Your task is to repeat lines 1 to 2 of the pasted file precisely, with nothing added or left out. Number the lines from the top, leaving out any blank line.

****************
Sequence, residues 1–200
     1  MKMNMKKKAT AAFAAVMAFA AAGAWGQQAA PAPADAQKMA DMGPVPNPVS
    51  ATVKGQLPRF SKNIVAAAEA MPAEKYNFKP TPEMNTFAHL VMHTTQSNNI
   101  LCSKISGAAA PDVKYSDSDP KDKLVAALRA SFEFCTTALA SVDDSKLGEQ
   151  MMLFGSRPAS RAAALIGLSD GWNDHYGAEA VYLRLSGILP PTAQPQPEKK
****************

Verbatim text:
Sequence, residues 1–200
     1  MKMNMKKKAT AAFAAVMAFA AAGAWGQQAA PAPADAQKMA DMGPVPNPVS